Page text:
The Local View ? Neighbourhood Cinemas and Alternative Film Projects

Many small neighbourhood cinemas invested in the future. The digital options for showing films are opening up new vistas for alternative projects. Not all of them are legal.... more more

GoetheInstitute

Magazine Roundup

Tuesday 29 July, 2008

The London Review of Books finds one point on which to agree with General Franco. Rue89 asks: How anti-Semitic is the cartoonist Sine? The Wall Street Journal reports on a Dutch cartoonist who landed in jail for making anti-Muslim jokes. In the New York Times Thomas Schweich looks at myopia, corruption and poppies in Afghanistan. Al-Ahram watched the Egyptian remake of 'Cabaret'. In Espresso, Umberto Eco uses taxi drivers to justify the rise in global security. And political scientist Seyla Benhabib tells ResetDoc why we need blogs.
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Magazine Roundup

Tuesday 22 July, 2008

In the Hungarian Quarterly, Magda Szabo remembers how her first manuscript was smuggled out of Hungary and into the hands of a German publisher's reader by the name of Hermann Hesse. Portfolio portrays the new publisher of the Washington Post, Katherine Weymouth. The Financial Times portrays the editor of the New Yorker, David Remmick. In Espresso, Robert Saviano meet actors who would never join the Mafia. The Economist is amazed to see that the music industry is starting to wise up at last. And in the New Yorker, Chinese students ask why they need democracy.
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In the burning house

Monday 21 July, 2008

The dead body of Russian artist Anna Alchuk was pulled out of the river Spree in April this year. She and her husband, philosopher Michail Ryklin, had moved to Berlin in November 2007 after life in Russia became intolerable as a direct consequence of Alchuk's participation in the exhibition "Caution: Religion!". Michail Ryklin looks to his wife's tormented diary entries to help him approximate the causes of her death.
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Magazine Roundup

Tuesday 15 July 2008

The Observator Cultural introduces Romania's key authors in an ambitious translation project. First stop: Stefan Banulescu. The Spectator nominates the internet as the world's most conservative power. The Hungarian magazines focus intently on the violence against Hungary's homosexuals. In the New Statesman, Muslim rapper Deeyah explains why modesty doesn't help. And Umberto Eco declares that there's no relativism in the world of fiction.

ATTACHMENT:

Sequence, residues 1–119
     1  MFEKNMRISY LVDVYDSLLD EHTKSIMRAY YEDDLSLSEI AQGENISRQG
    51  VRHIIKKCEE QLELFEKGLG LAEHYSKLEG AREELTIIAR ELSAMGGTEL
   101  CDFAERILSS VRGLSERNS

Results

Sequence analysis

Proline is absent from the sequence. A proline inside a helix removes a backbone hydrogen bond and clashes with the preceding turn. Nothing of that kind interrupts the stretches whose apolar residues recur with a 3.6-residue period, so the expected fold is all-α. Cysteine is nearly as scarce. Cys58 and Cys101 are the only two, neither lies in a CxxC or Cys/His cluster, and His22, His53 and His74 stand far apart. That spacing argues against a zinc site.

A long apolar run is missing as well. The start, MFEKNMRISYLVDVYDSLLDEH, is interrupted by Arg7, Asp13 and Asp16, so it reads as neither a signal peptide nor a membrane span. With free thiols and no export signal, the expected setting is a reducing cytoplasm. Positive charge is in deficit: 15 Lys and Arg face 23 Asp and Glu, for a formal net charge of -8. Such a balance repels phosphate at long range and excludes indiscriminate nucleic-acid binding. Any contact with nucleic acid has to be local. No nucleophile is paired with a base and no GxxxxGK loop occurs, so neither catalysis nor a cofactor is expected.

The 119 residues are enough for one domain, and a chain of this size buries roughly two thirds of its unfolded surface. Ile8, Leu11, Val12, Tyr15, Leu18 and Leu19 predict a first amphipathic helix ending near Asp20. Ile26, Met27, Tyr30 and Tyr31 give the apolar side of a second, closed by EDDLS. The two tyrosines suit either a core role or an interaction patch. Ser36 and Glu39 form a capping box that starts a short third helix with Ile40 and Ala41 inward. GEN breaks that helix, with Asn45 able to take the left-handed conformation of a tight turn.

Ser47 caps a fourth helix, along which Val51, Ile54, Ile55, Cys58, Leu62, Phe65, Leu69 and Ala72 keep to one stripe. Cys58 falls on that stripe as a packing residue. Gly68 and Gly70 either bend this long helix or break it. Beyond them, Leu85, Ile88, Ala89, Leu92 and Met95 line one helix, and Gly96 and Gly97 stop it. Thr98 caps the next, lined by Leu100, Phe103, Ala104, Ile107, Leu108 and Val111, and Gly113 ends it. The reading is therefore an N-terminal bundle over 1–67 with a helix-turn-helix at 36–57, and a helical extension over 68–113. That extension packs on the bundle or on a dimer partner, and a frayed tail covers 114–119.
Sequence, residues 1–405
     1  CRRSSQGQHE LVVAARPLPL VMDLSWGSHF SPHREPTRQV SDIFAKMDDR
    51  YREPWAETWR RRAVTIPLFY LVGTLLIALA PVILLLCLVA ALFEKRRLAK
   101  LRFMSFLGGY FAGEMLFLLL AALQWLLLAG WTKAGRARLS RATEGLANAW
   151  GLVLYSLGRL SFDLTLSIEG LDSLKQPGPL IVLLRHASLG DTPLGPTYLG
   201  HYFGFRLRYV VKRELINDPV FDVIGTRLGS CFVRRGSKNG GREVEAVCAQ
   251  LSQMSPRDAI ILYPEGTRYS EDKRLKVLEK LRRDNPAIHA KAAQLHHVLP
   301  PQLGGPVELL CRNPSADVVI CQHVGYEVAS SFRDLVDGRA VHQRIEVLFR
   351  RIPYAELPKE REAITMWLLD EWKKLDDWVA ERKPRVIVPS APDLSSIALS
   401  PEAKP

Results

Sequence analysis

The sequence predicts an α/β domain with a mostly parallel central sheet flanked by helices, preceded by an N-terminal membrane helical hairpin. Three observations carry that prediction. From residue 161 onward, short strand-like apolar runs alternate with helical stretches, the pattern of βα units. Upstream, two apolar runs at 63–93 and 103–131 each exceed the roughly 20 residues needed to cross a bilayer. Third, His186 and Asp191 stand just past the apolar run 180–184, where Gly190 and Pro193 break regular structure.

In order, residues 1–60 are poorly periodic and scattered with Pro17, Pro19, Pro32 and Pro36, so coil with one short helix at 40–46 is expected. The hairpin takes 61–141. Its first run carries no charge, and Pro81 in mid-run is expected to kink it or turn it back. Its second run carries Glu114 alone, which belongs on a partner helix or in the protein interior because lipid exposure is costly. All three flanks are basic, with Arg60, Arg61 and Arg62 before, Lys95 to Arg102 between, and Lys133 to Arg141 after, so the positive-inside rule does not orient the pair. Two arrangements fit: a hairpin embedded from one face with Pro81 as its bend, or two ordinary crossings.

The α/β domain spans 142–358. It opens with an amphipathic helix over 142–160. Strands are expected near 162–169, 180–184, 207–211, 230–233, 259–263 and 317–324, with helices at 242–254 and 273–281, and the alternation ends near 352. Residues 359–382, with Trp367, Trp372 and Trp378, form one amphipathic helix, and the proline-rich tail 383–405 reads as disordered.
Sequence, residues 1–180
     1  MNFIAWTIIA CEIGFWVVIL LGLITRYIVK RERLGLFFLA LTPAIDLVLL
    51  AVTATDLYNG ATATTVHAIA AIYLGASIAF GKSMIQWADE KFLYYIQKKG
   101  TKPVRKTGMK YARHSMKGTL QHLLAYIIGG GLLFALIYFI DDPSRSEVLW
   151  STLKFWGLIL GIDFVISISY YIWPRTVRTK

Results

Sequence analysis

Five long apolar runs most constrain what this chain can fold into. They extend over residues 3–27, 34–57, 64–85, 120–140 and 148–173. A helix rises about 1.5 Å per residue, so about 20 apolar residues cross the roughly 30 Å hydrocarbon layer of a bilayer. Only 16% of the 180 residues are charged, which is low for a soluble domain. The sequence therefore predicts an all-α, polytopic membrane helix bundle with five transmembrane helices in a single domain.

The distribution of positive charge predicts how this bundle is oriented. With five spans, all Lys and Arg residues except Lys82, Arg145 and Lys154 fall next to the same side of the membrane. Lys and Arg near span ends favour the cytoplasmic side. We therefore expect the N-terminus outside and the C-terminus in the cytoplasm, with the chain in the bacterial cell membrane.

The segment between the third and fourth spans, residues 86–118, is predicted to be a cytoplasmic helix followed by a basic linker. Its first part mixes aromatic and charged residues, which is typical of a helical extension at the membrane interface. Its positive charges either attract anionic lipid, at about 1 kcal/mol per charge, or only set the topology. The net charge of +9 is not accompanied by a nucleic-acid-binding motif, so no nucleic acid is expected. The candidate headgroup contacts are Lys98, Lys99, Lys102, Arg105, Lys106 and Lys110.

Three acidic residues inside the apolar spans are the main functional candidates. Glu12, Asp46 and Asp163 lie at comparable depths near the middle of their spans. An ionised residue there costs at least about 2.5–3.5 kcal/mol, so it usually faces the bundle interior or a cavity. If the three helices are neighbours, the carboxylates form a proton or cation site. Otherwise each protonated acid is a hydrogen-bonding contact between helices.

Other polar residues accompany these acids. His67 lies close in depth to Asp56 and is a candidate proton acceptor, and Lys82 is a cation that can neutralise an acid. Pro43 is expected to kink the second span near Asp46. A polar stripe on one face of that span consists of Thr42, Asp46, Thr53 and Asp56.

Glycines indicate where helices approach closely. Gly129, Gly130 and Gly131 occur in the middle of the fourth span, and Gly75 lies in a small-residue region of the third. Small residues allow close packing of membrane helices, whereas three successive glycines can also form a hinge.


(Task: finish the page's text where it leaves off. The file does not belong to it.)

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Magazine Roundup

Tuesday 8 July, 2008

"Hands off Lech Walesa!" demands Adam Michnik in the Gazeta Wyborcza. Polityka also defends the Solidarnosc leader against the hatred of the Kaczynski brothers. La vie des idees introduces a resistance programme against the dominance of English. In The Nation, Naomi Klein explains the neat rationale for pillaging Iraqi oil. Suketu Mehta encourages slum tourism in Espressso. Martina Navratilova lobs and smashes her way into the art world in the Spectator. And Elet es Irodalom can't get over the Dutch in Hungary.
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The German veto on Ukraine

Monday 7 July, 2008

Author Martin Pollack issues a rebuttal of Richard Wagner's arguments against Ukraine's EU bid, accusing him of Western bias and ignorance. If we follow his line of thought, even Italy has no place in the European Union.
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Magazine Roundup

Tuesday 1 July, 2008

In American Scholar, Yale professor William Deresiewicz sees the downside of his elite education while standing opposite his plumber. Wired welcomes in the Petabyte Age. Tygodnik Powszechny visits the "Sacroexpo" to look at camouflaged chalices. In the New York Review of Books, Zadie Smith analyses the supra-Kafka. In L'Espresso, Umberto Eco explains the vocative to Italian ministerial officials. Merkur recommends that art critics take a leaf out of Theocritus' Fifteenth Idyll. And the New York Times goes out in search of children in Europe.
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Blueprint for power

Tuesday 1 July, 2008

Since the beginning of the year, the German feuilletons have been probing the relationship between architecture and morality. Their interest was kindled by the publication of Deyan Sudjic's book "The Edifice Complex: How the Rich and Powerful Shape the World", which came out in 2006, and examines the role of European architects in non-democratic states such as China and Libya. We take a look at how the debate developed.
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